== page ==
The band's name "Wild Cherry" was selected off a box of cough drops while Rob was recuperating from a brief hospital stay. The band played the Ohio Valley region, the West Virginia panhandle, and Pittsburgh, Pennsylvania. The original lineup is not known. A demo was produced in 1970 under the label Staehle-Tudor with the A side entitled: You Ain't Got Nobody. Several other records were released under their own label including You Can Be High (But Lay Low), date unknown; Something Special On Your Mind, 1971.
The music at this stage was pure rock music, not funk. Wild Cherry eventually gained a record contract with Brown Bag Records. Several demos and singles were produced including and Get Down, 1973 (re-release of earlier self labeled demo); Voodoo Doll, 1975 and Show Me Your Badge, 1973. Voodoo Doll was produced and co-written by the prolific and successful songwriter Jeff Barry (of "The Monkeys" fame).
Although Voodoo Doll (AM 45070) received distribution as far afield as Europe through A&M, it did not chart and no album was in sight. The band broke up when a disillusioned Parissi left the music scene to become the manager of a local steakhouse. Rob quickly realized that the steak house gig was not going to "cut it - too tough." As his enthusiasm for the music eventually returned, Rob decided to give the business one last shot. Soon after, Parissi re-formed the band with new musicians. The new lineup had Mark Avsec (keyboards), Bryan Bassett (guitar), Allen Wentz (bass guitar) and Ronald Beitle (drums & percussion). As the quintet began to perform publicly in an era dominated by disco, they were repeatedly asked by listeners to "play that funky music." Parissi was inspired to write a song that captured the "funky music-white boy theme." When the band went into the studio to record it, a friend of the studio engineer heard the song, was blown away by the potential hit, and brought the band to the attention of Epic Records, which then immediately signed the group.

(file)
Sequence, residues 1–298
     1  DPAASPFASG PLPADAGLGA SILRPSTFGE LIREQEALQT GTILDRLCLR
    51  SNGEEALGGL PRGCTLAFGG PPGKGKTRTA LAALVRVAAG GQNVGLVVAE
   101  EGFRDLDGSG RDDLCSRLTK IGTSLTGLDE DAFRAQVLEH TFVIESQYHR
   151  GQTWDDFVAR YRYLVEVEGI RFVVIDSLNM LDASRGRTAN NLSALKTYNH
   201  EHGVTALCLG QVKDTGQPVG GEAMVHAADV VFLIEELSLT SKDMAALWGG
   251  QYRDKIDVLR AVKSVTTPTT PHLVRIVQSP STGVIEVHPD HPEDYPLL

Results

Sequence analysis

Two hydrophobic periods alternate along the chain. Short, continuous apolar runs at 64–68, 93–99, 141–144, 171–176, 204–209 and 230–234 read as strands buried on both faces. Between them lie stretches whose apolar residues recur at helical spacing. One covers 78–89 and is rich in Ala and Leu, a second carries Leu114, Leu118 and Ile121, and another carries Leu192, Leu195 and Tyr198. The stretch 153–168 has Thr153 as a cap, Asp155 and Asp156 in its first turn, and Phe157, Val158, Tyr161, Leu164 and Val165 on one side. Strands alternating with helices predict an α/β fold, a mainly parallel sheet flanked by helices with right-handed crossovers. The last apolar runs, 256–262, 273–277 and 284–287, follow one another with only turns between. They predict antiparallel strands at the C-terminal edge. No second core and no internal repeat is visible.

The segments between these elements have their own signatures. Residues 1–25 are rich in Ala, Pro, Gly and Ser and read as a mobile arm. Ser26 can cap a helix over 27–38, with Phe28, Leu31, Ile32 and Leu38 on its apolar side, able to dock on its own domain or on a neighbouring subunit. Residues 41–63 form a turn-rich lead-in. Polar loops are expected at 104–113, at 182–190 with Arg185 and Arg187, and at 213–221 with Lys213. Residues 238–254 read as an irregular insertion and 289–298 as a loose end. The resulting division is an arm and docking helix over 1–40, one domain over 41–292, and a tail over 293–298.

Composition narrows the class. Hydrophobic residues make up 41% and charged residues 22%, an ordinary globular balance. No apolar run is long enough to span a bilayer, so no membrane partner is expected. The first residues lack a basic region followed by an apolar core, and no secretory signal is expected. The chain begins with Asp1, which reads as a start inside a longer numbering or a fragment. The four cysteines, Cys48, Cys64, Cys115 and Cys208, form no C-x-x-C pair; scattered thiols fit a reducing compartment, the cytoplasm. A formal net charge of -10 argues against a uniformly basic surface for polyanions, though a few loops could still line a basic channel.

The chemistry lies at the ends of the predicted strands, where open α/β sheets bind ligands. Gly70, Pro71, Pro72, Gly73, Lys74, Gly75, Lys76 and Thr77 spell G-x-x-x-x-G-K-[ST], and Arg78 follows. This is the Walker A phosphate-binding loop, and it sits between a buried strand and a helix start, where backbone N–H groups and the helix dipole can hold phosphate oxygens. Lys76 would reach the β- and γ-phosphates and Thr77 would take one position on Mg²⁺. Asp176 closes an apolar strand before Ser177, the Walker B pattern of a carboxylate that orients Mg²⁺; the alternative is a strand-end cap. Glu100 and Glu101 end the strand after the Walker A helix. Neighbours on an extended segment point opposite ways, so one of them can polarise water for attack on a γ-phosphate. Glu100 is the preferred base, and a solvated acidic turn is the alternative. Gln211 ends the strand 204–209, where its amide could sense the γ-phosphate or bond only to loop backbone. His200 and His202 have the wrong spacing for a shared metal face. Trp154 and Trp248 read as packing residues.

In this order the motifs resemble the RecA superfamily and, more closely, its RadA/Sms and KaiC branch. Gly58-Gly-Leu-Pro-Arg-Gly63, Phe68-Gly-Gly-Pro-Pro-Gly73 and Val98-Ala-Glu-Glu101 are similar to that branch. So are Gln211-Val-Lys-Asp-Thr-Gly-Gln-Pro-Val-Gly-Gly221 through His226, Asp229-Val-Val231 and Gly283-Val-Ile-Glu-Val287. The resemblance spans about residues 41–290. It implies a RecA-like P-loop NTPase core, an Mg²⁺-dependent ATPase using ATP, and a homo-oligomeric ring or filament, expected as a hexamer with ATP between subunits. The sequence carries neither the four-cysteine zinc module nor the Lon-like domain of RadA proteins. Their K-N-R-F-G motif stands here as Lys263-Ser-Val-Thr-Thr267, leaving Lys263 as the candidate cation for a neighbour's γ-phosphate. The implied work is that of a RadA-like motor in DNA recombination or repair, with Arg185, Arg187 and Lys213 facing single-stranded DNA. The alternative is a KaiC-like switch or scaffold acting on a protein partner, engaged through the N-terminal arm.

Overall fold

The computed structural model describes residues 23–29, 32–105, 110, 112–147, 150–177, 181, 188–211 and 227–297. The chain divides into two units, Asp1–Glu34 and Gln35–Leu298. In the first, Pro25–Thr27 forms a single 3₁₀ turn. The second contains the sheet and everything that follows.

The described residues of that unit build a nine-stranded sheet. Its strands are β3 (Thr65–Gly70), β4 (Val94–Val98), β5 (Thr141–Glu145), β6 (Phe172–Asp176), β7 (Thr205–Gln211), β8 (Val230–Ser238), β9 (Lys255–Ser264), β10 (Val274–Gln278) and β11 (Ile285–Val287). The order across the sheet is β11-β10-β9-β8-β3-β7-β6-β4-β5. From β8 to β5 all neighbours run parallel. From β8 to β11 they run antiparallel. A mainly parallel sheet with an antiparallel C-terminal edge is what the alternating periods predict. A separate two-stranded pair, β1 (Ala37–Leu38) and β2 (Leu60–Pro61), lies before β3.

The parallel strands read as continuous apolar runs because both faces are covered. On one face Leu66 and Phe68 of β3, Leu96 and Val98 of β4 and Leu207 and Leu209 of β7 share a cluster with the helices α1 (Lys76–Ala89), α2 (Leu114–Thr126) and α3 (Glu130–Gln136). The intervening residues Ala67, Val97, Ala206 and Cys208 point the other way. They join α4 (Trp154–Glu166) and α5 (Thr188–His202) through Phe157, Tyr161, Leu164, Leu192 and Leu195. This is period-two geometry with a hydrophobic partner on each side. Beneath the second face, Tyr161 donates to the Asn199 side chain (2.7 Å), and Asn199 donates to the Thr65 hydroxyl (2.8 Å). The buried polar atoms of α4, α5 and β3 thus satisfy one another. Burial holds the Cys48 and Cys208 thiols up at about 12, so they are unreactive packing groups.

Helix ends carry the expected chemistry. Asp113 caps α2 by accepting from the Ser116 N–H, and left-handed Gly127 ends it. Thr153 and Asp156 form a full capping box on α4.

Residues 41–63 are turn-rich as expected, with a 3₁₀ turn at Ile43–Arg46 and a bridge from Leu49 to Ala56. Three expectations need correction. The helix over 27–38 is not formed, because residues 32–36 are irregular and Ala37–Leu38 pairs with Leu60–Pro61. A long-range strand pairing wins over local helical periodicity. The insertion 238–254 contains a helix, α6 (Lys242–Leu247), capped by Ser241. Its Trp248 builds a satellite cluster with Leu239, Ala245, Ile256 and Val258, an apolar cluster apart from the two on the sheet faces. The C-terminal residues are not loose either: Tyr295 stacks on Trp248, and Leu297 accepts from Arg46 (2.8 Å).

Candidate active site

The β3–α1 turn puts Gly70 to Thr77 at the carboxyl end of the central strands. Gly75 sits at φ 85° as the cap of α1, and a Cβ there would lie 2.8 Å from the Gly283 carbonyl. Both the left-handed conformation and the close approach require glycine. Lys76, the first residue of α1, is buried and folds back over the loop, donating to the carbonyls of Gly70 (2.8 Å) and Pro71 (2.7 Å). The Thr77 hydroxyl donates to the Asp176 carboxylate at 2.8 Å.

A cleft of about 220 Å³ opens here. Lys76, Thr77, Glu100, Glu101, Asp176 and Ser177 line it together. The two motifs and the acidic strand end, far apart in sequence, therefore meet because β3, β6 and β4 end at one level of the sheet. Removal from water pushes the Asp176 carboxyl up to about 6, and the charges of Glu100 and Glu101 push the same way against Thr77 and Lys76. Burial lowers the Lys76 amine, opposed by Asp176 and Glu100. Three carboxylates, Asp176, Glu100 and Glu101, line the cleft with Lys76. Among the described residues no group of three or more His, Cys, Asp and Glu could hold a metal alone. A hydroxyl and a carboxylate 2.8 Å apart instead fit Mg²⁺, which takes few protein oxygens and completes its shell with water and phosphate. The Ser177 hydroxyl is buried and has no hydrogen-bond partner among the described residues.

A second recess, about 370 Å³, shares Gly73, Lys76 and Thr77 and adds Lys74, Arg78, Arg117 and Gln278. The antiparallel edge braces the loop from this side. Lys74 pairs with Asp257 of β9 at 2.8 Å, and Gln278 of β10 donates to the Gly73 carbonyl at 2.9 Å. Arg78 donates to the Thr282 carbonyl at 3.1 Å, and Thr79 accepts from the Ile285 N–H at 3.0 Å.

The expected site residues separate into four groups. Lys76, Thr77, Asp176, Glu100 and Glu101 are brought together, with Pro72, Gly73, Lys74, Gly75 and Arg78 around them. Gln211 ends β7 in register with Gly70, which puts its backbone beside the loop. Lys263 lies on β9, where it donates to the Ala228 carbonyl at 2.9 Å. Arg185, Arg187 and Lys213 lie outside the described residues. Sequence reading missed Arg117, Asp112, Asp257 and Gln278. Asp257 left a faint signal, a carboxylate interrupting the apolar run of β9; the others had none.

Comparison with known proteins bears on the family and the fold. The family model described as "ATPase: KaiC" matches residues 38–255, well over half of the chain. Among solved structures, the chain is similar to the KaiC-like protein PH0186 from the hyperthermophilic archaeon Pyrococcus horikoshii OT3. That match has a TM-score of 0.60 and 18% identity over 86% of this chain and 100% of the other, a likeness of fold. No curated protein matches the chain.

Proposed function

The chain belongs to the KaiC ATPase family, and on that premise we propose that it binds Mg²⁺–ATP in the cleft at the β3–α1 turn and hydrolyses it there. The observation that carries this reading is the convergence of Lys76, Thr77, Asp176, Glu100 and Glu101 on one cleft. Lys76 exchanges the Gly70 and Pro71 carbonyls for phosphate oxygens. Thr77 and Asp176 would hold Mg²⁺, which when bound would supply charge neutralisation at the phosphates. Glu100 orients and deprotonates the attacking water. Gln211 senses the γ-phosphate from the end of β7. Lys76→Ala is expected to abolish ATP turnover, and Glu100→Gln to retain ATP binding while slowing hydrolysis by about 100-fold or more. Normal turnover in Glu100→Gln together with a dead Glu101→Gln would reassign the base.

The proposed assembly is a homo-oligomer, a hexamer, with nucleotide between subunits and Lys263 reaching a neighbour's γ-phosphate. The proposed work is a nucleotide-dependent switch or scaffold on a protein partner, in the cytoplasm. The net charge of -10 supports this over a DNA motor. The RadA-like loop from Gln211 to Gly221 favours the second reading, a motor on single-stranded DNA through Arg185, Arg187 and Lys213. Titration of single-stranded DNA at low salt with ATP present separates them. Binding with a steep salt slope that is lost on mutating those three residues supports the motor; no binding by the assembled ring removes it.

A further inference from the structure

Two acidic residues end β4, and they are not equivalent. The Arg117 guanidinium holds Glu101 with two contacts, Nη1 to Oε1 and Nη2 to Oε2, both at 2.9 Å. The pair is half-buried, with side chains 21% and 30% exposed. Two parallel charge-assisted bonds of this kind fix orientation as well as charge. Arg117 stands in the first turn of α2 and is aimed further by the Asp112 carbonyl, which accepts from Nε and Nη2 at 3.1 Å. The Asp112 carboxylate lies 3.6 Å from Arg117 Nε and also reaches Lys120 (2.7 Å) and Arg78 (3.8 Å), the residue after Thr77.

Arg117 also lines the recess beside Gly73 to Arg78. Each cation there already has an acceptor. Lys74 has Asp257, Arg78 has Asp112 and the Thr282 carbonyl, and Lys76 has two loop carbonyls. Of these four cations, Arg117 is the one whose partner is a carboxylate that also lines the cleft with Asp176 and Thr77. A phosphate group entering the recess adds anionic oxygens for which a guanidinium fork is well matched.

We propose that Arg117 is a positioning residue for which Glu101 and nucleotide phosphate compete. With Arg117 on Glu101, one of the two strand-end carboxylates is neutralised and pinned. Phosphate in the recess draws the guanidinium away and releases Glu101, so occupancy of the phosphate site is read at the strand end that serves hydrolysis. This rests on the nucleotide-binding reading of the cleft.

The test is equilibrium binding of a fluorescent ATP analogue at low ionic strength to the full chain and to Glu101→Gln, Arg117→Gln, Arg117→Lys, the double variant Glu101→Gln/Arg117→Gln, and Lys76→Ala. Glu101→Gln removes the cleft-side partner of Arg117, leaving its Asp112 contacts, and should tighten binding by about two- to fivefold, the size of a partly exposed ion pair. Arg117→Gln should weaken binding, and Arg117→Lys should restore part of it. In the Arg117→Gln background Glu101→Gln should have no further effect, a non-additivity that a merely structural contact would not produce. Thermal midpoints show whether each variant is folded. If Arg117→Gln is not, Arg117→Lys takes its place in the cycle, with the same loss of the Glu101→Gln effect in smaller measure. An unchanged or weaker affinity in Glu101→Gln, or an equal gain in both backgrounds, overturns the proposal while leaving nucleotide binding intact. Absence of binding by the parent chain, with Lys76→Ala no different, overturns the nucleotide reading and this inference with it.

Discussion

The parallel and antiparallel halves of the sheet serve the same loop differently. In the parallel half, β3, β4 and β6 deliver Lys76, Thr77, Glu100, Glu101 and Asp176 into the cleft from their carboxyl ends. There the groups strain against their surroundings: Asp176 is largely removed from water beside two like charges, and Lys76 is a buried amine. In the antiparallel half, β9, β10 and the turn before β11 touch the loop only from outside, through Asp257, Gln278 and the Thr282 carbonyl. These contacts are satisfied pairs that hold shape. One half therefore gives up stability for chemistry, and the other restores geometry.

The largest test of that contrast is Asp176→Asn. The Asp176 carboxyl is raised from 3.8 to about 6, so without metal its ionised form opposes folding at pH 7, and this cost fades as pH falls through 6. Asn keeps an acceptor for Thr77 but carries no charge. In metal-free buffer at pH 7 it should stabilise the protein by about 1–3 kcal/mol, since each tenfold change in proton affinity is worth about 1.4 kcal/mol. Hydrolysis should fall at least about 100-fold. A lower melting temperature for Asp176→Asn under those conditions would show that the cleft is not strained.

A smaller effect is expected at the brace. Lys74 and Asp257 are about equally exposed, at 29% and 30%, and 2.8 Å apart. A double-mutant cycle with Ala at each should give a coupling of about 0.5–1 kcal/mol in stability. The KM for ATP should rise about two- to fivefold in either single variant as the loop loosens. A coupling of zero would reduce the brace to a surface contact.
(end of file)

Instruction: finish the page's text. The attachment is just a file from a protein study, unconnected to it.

Epic suggested recording the song as an A-side instead of as the B-side to a cover version of the Commodores' "I Feel Sanctified," as had originally been planned. "Play That Funky Music" became a huge hit when released in 1976, peaking at number one on both the Billboard R&B and pop charts. Both the single and Wild Cherry's self-titled debut album went platinum. The band was named Best Pop Group of the Year by Billboard, and received an American Music Award for Top R&B Single of the Year, as well as a pair of Grammy nominations for Best New Vocal Group and Best R&B Performance by a Group or Duo that year, adding to their success. "I Feel Sanctified" was also released as a single form the first album. Their 1977 album, Electrified Funk and 1978 album I Love My Music did not produce any top 20 hits, While their 1979 album Only the Wild Survive didn't produce a top 100 single. U.S.
billboard chart placements for singles from their 3 other albums: Baby Don't You Know (1977; peaked at #43) Hot To Trot (1977; peaked at #95) Hold On (1977; peaked at #61) I Love My Music (1978; peaked at #69). "Hot to Trot" was a minor followup hit in some non U.S. markets. Although it was never a chart hit, the song "1 2 3 Kind Of Love" had the right feel for the beach music clubs along the North and South Carolina coasts; it continues to be popular there today, and the song is included in the beach music anthology series by Ripete Records. One musician who played with the band was guitarist/vocalist Donnie Iris (ex-The Jaggerz). Donnie was credited on their fourth and final album.
Mark Avsec partnered up with Donnie following the demise of Wild Cherry to form The Cruisers. Mark Avsec released a solo project under the moniker Cellarful of Noise in 1985. Guitarist Bryan Bassett went on to a hard rocking career in the 90's with Foghat and Molly Hatchet. He continues to tour with Foghat. Parissi later became a disk jockey in Wheeling, West Virginia. Play That Funky Music was covered by The Real Roxanne in 1988 and was sampled by Vanilla Ice in 1990 (for which Parissi was not credited; he later won $500,000 in a copyright infringement lawsuit), and it continues to be a hit in dance clubs to this day. Play that Funky Music is regularly included on funk and disco compilations. Read more on Last.fm. User-contributed text is available under the Creative Commons By-SA License; additional terms may apply..
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